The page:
SEC Adopts Final Rules on Cybersecurity Disclosures
The SEC has adopted rules requiring companies to provide disclosure within four business days of determining that a material cybersecurity incident has occurred, and discussion of cybersecurity risk management, strategy, and governance in annual reports. Companies will be required to disclose:
- processes for assessing, identifying, and managing material risks from cybersecurity threats;
- whether any risks from current or previous cybersecurity threats have materially affected or are reasonably likely to materially affect those companies; and
- the board of directors’ oversight of risks from cybersecurity threats and management’s role and expertise in assessing and managing material risks from cybersecurity threats.
For most companies, the incident disclosure requirements take effect on December 18, 2023, with the annual report disclosures starting in 2024 for calendar-year filers. Companies are updating their cybersecurity policies and protocols to focus on disclosure controls and procedures in light of the rules and the SEC’s enforcement focus on cybersecurity matters.
Companies Adopt Protocols for Artificial Intelligence
Companies are considering the strategic impact of artificial intelligence (AI) technology and developing policies and protocols to govern employees’ AI use. Quarterly risk frameworks now include AI risk assessments and encompass disclosures about AI’s impact on cybersecurity risks, intellectual property risks, and potential limitations and costs due to AI regulation. SEC Chair Gary Gensler recently instructed the SEC Staff to consider rulemaking action on AI-related conflicts of interest and historical biases.
Federal Guidelines Prompt Review of Ephemeral Messaging
Ephemeral messaging applications automatically delete messages such as text, images, and video content. The US Department of Justice (DOJ) has issued prosecutorial guidance expecting companies to maintain the ability to preserve and access employees’ ephemeral messages and to control their use of personal devices for business. Companies are reviewing practices and policies in light of legal preservation and record-keeping requirements across different local and international jurisdictions.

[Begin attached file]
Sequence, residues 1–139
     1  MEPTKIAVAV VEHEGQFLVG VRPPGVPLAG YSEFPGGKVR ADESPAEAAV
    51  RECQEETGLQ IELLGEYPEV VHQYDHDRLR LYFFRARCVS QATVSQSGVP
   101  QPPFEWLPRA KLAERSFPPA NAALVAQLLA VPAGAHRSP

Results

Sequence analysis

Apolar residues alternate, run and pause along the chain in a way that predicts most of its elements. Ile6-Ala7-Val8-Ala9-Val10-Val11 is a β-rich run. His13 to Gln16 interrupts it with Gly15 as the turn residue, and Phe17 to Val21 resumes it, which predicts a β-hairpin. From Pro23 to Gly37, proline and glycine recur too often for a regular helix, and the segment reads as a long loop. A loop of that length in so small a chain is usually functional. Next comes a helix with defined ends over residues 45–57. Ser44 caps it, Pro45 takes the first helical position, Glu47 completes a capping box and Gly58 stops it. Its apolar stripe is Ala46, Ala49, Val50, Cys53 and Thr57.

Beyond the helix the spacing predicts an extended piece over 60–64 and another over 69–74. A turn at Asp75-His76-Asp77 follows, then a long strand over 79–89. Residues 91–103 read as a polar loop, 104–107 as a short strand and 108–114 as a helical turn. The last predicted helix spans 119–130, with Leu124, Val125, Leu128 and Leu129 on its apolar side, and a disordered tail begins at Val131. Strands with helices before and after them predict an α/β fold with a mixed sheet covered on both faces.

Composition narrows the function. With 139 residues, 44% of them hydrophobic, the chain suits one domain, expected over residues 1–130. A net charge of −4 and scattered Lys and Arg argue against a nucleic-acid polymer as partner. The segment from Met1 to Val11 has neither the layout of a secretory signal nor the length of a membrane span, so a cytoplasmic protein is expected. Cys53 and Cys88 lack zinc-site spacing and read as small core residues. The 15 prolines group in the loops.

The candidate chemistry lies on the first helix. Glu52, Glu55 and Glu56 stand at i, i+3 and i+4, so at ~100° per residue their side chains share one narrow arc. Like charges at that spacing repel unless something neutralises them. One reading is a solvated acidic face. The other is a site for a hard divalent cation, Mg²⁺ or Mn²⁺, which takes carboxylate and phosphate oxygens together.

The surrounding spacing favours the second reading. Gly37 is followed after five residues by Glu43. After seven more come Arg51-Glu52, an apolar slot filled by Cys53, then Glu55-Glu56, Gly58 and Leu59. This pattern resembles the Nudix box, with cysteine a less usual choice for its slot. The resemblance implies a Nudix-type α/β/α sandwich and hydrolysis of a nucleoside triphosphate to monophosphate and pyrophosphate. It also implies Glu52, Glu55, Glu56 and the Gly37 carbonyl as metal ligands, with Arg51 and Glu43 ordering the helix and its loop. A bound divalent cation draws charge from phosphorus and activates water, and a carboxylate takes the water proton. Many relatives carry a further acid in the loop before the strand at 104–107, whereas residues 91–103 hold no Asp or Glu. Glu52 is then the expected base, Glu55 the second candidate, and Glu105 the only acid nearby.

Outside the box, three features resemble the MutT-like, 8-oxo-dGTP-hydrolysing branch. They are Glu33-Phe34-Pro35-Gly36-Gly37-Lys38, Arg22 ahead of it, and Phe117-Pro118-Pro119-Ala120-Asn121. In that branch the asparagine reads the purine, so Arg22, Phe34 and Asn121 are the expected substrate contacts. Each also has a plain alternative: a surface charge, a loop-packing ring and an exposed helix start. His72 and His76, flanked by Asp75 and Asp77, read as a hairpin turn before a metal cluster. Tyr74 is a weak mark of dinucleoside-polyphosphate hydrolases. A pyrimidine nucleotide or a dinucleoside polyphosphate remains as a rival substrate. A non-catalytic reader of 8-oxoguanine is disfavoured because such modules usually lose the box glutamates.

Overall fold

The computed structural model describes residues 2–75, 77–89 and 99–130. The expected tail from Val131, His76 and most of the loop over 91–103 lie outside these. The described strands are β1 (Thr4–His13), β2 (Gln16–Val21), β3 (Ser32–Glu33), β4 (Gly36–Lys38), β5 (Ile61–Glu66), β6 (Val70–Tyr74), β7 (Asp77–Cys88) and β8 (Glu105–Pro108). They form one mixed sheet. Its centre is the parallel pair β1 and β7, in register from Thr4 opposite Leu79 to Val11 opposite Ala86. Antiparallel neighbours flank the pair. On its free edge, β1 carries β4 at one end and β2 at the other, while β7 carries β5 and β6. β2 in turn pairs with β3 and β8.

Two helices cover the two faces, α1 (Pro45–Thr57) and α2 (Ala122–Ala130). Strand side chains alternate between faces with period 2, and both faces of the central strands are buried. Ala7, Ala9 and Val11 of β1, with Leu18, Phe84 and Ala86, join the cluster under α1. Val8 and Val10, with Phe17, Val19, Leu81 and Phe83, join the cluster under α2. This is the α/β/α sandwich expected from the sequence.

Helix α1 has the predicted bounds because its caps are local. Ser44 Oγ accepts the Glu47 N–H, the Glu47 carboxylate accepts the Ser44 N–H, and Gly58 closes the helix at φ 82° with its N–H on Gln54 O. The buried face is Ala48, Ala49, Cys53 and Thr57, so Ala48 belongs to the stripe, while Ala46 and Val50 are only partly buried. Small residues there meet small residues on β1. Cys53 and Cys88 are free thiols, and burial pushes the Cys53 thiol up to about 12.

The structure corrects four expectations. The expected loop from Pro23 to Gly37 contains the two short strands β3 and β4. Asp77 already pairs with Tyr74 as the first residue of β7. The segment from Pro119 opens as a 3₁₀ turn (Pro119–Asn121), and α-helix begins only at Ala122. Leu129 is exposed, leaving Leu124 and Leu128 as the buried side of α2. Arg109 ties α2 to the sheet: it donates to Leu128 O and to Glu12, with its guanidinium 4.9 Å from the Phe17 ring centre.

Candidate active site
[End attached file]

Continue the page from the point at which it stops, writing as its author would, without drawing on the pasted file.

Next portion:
Activism Preparation Gearing Up for 2024
Companies are devoting more time to preparing for activism and holistically assessing activist threats in light of company performance, board vulnerability, and shareholder engagement. The first proxy season subject to the SEC’s Universal Proxy Card (UPC) rules brought fewer activism campaigns than expected and more campaigns settled earlier. Companies are enhancing advance notice bylaws, disclosing the individual value of each director, and engaging with advisors in activism-preparedness planning.
EU Foreign Subsidies Regulation in Effect
European M&A has become more complex after the EU’s Foreign Subsidies Regulation (FSR) went into effect on October 12, 2023. The FSR grants the European Commission (EC) the power to intervene in mergers, acquisitions, and joint venture transactions in, or investing in, the EU that have received financial contributions from non-EU countries. Notifications to the EC for transactions that meet the applicable turnover or financial contribution thresholds are required, and the EC has the power to impose structural and behavioral remedies as well as block transactions. Companies are assessing the impact and preparing their business models for the application of the FSR.
Companies Adopt Clawback Policies
The stock exchange listing standards implementing the SEC’s clawback rules became effective October 2, 2023. Companies are adopting clawback policies prior to December 1, 2023, and thinking through practical considerations, compliance, and consequences as discussed on our recent webcast.